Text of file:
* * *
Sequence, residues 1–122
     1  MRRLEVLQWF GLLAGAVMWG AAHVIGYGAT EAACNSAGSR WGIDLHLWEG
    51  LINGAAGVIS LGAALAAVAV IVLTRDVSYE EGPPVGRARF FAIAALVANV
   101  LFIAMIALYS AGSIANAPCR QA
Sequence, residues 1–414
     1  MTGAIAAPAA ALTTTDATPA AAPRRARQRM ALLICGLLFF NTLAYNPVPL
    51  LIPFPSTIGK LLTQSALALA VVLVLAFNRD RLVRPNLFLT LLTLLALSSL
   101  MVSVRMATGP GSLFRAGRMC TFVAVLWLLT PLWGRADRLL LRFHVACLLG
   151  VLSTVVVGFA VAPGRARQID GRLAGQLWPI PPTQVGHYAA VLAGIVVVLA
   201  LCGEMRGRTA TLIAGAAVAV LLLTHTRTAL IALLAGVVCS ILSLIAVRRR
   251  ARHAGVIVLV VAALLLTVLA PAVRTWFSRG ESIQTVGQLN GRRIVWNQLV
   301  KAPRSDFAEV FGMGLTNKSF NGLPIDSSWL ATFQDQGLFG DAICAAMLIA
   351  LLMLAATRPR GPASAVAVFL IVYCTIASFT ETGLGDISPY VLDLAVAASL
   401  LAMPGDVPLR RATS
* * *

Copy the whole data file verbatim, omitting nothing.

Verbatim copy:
Sequence, residues 1–122
     1  MRRLEVLQWF GLLAGAVMWG AAHVIGYGAT EAACNSAGSR WGIDLHLWEG
    51  LINGAAGVIS LGAALAAVAV IVLTRDVSYE EGPPVGRARF FAIAALVANV
   101  LFIAMIALYS AGSIANAPCR QA
Sequence, residues 1–414
     1  MTGAIAAPAA ALTTTDATPA AAPRRARQRM ALLICGLLFF NTLAYNPVPL
    51  LIPFPSTIGK LLTQSALALA VVLVLAFNRD RLVRPNLFLT LLTLLALSSL
   101  MVSVRMATGP GSLFRAGRMC TFVAVLWLLT PLWGRADRLL LRFHVACLLG
   151  VLSTVVVGFA VAPGRARQID GRLAGQLWPI PPTQVGHYAA VLAGIVVVLA
   201  LCGEMRGRTA TLIAGAAVAV LLLTHTRTAL IALLAGVVCS ILSLIAVRRR
   251  ARHAGVIVLV VAALLLTVLA PAVRTWFSRG ESIQTVGQLN GRRIVWNQLV
   301  KAPRSDFAEV FGMGLTNKSF NGLPIDSSWL ATFQDQGLFG DAICAAMLIA
   351  LLMLAATRPR GPASAVAVFL IVYCTIASFT ETGLGDISPY VLDLAVAASL
   401  LAMPGDVPLR RATS